On July 28, the company announced the team's withdrawal from Formula One at the end of 2009. BMW Chairman Dr. Norbert Reithofer described the decision as a strategic one. On 15 September 2009 BMW Sauber announced they had a buyer for the team, Qadbak Investments Limited. Qadbak turned to be a shell company (a company without any real assets or operations), and the deal fell apart.
Return to Sauber ownership and Ferrari engines (2010)[change | change source]
On December 3, 2009, the FIA confirmed that Sauber had been granted the entry position left by Toyota's departure from Formula one. The new Sauber team would be using Ferrari engines, and the team's chassis for the 2010 season would be designated Sauber C29. Peter Sauber said that he has not applied to change the name of the team, so they remain for now as BMW Sauber F1 Team despite using no BMW components.
Kamui Kobayashi was signed as a driver for the 2010 season on the December 17, 2009. Pedro de la Rosa was signed as Sauber's second driver on January 19, 2010. Esteban Gutiérrez has joined the team as an observer for some race weekends. He has been placed on the same training program as the race drivers de la Rosa and Kobayashi.
The team struggled in the early rounds of the season, and did not score any points from the first three races. Peter Sauber admitted at this point that his decision to rescue the team had been emotionally-driven, but insisted that it was a correct decision.
The team ran without a primary sponsor for the first four races of the 2010 season. For the Spanish and European Grand Prix, they carried the logo of the Spanish arm of the Burger King fast food franchise.
In Turkey, Kobayashi qualified in the top ten for the race, then finished 10th, collecting the team's first point in 2010.
On 14 September, Sauber announced that Nick Heidfeld had been signed to replace de la Rosa for the rest of the 2010 season. Heidfeld drove for Sauber from 2001 to 2003, and 2006 to 2009. Heidfeld will race starting with the Singapore Grand Prix.
2011[change | change source]
For the 2011 season, Sauber kept driver Kamui Kobayashi, and added rookie driver Sergio Pérez. Kobayashi qualified in 9th place, and Pérez in 13th. Pérez received praise for making his tyres last better than any other driver. He needed only one pit stop, when all other drivers needed at least two. They both finished the race in the points. Pérez finished in 7th place, and Kobayashi in 8th. The two Sauber cars were disqualified after the race. The team had made a mistake with the rear wing, and it was not legal.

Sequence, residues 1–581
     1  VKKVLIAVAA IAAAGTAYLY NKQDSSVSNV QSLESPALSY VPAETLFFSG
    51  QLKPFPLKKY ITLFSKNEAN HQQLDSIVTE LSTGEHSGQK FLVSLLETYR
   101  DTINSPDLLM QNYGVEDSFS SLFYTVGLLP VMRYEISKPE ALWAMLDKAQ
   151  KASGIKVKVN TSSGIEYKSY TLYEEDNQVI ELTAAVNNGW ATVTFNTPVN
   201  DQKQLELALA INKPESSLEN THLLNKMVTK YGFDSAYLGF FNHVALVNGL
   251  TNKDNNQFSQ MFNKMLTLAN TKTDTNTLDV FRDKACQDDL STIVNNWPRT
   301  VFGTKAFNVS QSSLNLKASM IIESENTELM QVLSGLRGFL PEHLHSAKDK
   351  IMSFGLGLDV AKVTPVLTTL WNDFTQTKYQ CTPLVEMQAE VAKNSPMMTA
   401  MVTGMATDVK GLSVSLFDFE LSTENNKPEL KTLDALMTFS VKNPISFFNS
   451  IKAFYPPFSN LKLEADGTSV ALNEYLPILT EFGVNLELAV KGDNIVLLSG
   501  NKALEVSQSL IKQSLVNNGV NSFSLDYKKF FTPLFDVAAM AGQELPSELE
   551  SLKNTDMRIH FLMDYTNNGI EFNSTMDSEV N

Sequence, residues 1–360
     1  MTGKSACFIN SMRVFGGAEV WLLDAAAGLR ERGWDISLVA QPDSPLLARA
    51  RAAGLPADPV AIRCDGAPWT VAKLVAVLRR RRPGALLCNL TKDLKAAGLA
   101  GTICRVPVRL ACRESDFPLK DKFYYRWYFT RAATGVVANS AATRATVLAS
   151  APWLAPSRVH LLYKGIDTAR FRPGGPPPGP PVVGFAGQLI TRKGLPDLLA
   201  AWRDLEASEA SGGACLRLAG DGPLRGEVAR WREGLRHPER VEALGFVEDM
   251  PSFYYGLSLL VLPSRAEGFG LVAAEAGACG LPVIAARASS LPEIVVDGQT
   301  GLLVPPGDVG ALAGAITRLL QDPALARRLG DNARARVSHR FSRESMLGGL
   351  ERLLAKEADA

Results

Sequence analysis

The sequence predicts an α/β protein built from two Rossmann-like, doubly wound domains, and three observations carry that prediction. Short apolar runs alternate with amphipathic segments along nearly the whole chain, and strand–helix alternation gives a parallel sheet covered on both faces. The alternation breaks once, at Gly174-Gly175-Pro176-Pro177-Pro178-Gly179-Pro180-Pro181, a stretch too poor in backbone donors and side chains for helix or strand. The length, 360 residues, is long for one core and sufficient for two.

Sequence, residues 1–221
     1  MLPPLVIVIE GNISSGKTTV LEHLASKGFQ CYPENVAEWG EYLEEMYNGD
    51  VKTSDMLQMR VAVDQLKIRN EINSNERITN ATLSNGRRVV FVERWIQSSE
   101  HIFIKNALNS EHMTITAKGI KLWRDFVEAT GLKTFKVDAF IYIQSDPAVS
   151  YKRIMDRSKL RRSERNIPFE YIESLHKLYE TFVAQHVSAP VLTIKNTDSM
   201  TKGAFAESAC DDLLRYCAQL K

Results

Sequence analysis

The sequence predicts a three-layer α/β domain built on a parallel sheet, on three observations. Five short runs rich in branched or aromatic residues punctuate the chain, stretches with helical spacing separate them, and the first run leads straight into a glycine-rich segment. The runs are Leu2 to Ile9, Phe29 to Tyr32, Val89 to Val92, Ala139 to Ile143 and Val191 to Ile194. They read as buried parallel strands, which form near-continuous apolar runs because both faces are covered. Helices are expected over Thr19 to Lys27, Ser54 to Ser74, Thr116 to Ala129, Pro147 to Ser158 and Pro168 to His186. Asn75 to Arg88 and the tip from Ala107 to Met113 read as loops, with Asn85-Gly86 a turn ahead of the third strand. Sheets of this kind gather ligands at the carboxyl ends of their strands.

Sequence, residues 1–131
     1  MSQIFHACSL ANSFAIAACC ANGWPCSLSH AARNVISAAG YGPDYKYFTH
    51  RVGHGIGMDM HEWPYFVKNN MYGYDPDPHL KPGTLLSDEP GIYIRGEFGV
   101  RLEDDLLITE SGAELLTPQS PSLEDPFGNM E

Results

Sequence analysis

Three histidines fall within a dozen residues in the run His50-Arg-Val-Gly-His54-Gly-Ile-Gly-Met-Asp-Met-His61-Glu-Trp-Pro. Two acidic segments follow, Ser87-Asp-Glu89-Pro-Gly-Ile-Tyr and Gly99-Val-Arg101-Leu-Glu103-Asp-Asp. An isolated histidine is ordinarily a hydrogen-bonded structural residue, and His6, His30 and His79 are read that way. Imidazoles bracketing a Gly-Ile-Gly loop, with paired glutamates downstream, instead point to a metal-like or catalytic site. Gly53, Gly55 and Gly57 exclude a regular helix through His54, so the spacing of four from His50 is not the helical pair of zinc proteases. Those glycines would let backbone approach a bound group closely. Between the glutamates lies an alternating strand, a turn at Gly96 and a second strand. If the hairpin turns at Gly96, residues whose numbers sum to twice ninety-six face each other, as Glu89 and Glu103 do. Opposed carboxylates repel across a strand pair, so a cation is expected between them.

Pérez suffered a serious crash in the Monaco race. He had intentions of being in the next race, at Canada, and ran in the Friday practice. However, Pérez fell ill (sick) and was replaced by Pedro de la Rosa.
Formula One World Championship results[change | change source]
References[change | change source]
- Elizalde, Pablo; Noble, Jonathan (2010-01-31). "BMW Sauber to retain name for now". autosport.com. Haymarket Publications. Retrieved 2010-01-31.CS1 maint: uses authors parameter (link)
- "FIA Formula One World Championship – Entry List". fia.com. Fédération Internationale de l'Automobile. 2010-03-03. Retrieved 2010-03-03.
- "Sponsors: Red Bull". grandprix.com. Inside F1. Retrieved 2010-01-31.
- "PETRONAS to be Premium Partner of BMW Sauber F1". www.f1network.com. November 27, 2005.
- "BMW nets Intel sponsorship". BBC. 15 December 2005. Retrieved 2008-04-14. Italic or bold markup not allowed in:
- 2006 Hungarian Grand Prix f1.warnerleach.co.uk Retrieved 2 February 2007.
- "It's the end of the road for Villeneuve". The Times. London. 7 August 2006. Retrieved 2008-04-15.
- "Glock signed as BMW second driver". Grandprix.com. 21 December 2006. Retrieved 2006-12-21.
- "Kubica escapes injury after crash". BBC. 10 June 2007. Retrieved 2007-06-10. Italic or bold markup not allowed in:
- "Heidfeld and Kubica stay at BMW". BBC News. 21 August 2007. Retrieved 2007-08-21.
- Kubica and Heidfeld stay with BMW BBC Sport Retrieved 8 October 2008
- Noble, Jonathan (29 July 2009). "BMW will quit F1 at the end of 2009". autosport.com. Haymarket. Retrieved 2009-07-29.
- Pablo Elizalde (27 November 2009). "BMW sells F1 team back to Peter Sauber". autosport.com. Haymarket Publications. Retrieved 2009-11-28.
- "BBC Sport – F1 – Sauber will replace Toyota on 2010 F1 grid". BBC News. 2009-12-03. Retrieved 2009-12-15.
- "Formula 1™ – The Official F1™ Website". Formula1.com. 2009-11-30. Retrieved 2009-12-15.
- "Sauber: It was right to rescue team". crash.net. Crash Media Group. 2010-04-13. Retrieved 2010-04-15.
- Noble, Jonathan (2010-05-07). "Burger King sponsors Sauber team". autosport.com. Haymarket Publications. Retrieved 2010-05-07.
- "Nick Heidfeld replaces Pedro de la Rosa at Sauber". stats.cbc.ca. STATS LLC. 2010-09-14. Retrieved 2010-09-15.
- "Sauber drop appeal, Di Resta takes a point". eurosport.yahoo.com. 2011 Yahoo! and Eurosport. 2011-03-29. Retrieved 2011-03-. Check date values in:
Other websites[change | change source]
|Wikimedia Commons has media related to Sauber.|
|Wikimedia Commons has media related to BMW Sauber.|